Bird, Eugenie, illus. by David Dowton. Fairie-ality: The Fashion Collection from the House of Ellwand. Candlewick, 2002. ISBN 978-0763614133. 130 pp. $40.00
The fashion-magazine size and layout of this weighty volume is no mistake; Fairie-ality is an imaginative presentation of haute couture for fey folk. Based on the premise that faeries have a season, like the tony upper class, and thus require costumes for spring balls and summer swim parties, Bird and Dowton present a photo essay of tiny designer clothing concocted from natural objects: flowers, leaves, acorn caps, feathers and more.
Gowns take shape with peacock feathers, grass blades and petal skirts, paired with birchbark stilletos. Snakeskin adds pattern and texture to basic-cut undergarments. Seeds and shells add embellishment. Pheasant feathers reveal their glorious tones in a pullout section on cotillion collections. Not just for ladies, there are coordinating outfits for men as wel, including a sleek black crow feather jacket adorned with periwinkle shell buttons. There is even a ready to wear section, with pages cut into three horizontal strips for mixing and matching of tops, bottoms, and stylish caps. The pieces de resistance are outfits for a royal family, and the wedding party garments, including a mother of the bride gown augmented with fluffy feathers, a top hat and peacock lined coat for the groom, and a gossamer white lily and feather gown for the bride.
In addition to the crisp, closeup, full-color photography, designer’s sketches and watercolors accompanying many of the final products. The font matches each collection, by turns formal, hip or romantic. The textures are so clear the urge to run one’s fingers over the pages is irresistable. The accompanying text could be straight out of the pages of Vogue. The captions are lush and descriptive, and narrative accompanies each section, outlining the events appropriate for each collection, or whom each piece might be worn by. Readers will spend hours pouring over the pages and marveling at the tiny details. Although not a must have, the excellence in execution and high re-readability rate a high recommended for most browsing collections.
Review by Beth Gallaway
Anderson, M.T. The Pox Party: The Astonishing Life of Octavian Nothing, Traitor to the Nation, book one. Candlewick, 2008. ISBN 978-0763636791. 384 pp. $10.99
Young Octavian–a black boy born to an African princess but a slave nonetheless–has his life chronicled in narrative, letters, diary entries, etc, detailing his upbringing in a wealthy household as a science experiment.
This particular title has won a Printz Honor Award as well as the National Book Award for Young People’s literature, and quite deservedly so. Many librarians and educators question if teens will voluntarily pick up this tone, written in the formal educated speech of the late eighteenth century. Because the themes of the novel–identity, loyalty, duty– are YA issues, they will surely be of interest to YA readers. Once the reader gets into the cadence, the formal educated speech is a treasure; just as Feed’s inventive vocabulary required a certain level of deciphering, so does Octavian.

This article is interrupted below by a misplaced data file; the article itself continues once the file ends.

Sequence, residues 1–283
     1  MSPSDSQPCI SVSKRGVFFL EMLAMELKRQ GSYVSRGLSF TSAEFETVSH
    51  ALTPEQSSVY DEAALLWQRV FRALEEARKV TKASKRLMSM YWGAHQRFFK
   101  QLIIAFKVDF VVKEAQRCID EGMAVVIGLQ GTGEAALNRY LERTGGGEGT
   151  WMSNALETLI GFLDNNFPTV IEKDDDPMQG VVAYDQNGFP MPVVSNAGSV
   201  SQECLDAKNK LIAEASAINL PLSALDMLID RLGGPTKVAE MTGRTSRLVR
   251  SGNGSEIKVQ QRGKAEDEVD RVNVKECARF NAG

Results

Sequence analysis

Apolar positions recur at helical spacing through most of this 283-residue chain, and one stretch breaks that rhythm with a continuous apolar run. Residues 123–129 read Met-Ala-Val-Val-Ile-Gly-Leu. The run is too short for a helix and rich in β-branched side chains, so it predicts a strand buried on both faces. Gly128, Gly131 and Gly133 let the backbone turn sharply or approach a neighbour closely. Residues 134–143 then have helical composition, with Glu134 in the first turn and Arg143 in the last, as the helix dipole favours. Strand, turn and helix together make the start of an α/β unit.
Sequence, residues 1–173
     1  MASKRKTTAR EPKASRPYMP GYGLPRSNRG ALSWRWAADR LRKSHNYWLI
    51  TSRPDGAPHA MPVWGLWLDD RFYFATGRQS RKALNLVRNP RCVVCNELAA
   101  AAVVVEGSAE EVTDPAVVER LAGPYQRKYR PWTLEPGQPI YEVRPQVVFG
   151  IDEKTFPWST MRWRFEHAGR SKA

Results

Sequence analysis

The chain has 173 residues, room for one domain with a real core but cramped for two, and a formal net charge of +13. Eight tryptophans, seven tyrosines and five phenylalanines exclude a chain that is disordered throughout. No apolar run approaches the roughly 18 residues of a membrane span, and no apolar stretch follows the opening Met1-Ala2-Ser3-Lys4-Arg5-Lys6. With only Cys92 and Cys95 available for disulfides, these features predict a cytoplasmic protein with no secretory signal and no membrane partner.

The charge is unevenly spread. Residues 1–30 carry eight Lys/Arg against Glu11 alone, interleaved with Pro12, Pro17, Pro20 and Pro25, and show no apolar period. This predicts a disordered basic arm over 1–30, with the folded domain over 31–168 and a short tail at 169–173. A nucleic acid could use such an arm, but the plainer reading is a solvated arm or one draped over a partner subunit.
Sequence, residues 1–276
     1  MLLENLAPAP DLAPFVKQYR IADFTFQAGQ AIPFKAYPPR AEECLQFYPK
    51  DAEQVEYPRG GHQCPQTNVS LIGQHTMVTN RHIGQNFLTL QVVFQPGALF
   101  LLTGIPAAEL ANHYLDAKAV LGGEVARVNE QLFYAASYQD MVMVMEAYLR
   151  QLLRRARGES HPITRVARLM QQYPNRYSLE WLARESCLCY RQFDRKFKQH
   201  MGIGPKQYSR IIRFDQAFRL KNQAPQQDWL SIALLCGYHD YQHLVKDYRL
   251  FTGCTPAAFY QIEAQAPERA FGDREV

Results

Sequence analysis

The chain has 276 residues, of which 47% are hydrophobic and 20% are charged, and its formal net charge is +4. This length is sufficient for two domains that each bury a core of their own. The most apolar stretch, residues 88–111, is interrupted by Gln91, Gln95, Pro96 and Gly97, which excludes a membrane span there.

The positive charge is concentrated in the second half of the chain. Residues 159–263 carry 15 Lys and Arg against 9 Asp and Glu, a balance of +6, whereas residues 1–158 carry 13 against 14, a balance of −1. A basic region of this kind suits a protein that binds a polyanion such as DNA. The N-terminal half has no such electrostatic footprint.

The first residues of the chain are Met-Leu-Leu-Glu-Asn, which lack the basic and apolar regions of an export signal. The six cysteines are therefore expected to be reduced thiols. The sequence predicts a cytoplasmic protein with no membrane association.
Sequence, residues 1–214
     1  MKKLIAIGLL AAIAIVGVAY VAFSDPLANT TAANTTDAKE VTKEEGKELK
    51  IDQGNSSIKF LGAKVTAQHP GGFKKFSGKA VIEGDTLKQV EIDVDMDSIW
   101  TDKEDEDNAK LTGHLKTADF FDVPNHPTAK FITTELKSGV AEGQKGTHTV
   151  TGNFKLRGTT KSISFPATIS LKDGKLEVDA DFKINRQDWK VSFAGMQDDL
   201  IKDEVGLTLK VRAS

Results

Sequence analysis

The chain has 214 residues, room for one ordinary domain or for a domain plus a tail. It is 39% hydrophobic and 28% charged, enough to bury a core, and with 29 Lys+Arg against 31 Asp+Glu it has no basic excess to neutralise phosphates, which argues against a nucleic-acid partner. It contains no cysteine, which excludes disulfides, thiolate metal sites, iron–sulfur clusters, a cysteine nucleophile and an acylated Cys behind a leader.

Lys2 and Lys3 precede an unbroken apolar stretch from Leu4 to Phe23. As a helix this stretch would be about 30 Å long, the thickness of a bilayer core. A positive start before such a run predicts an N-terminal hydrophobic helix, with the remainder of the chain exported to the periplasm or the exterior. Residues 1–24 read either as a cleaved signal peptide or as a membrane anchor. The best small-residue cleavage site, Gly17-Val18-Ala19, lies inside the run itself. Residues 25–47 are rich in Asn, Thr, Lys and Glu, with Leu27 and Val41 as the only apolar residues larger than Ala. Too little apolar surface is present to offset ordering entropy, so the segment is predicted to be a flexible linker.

The voice of an experiementally educated black in an historical time period is unique and clear, and a voice not yet heard in the canon of YA literature. The format is daring and innovative. The convention of the reader figuring out what is going on alongside the protagonist is effective showing not telling. When such unspeakable things happen to the narrator that he can no longer share his story, the novel switches to letter format that has a strong impact. The technique of using thick dark strike throughs to convey difficulty in expression is also brilliant. What is NOT being said reveals a great deal about the character.
Set during the American Revolution, the initial focus is a scientific society, rather than the rebellion. The accuracy is high; details are based in fact and meticulously researched. And the faintly hideous cover art hints at a dark event to come that is shudderingly real and very discomforting.
A must have for all collections, this can be cross-marketed to adults who may be fans of titles dealing with this time period.
Barner, Bob. Penguins, Penguins, Everywhere! Chronicle Books, 2010 (reprint). ISBN 978-0811877244. $6.99 24 pp.
In January in libraries across America, the penguin storytime is obligatory; this week we are experience April snowstorms in New England, so it’s the perfect time to revisit those funny little tuxedoed birds. Penguins, Penguins Everywhere is a bright cut-paper collage picture book that delivers penguin facts in a rollicking rhyme. Both Arctic and Equator dwelling penguins are covered, and the vibrant blues of the North contrast appealingly with the yellow and orange heat of the South.
Regardless of locale, all penguins swim, eat fish and care for their young, and these feats are acrobatically and charmingly demonstrated. The sparse text concludes with a two page spread on penguin facts, and two more pages detailing all seventeen penguin species, with incredible attention to detail; each type is distinctively portrayed. Beautifully done, and sure to be popular on the heels of such films as Happy Feet and March of the Penguins.
Review by Beth Gallaway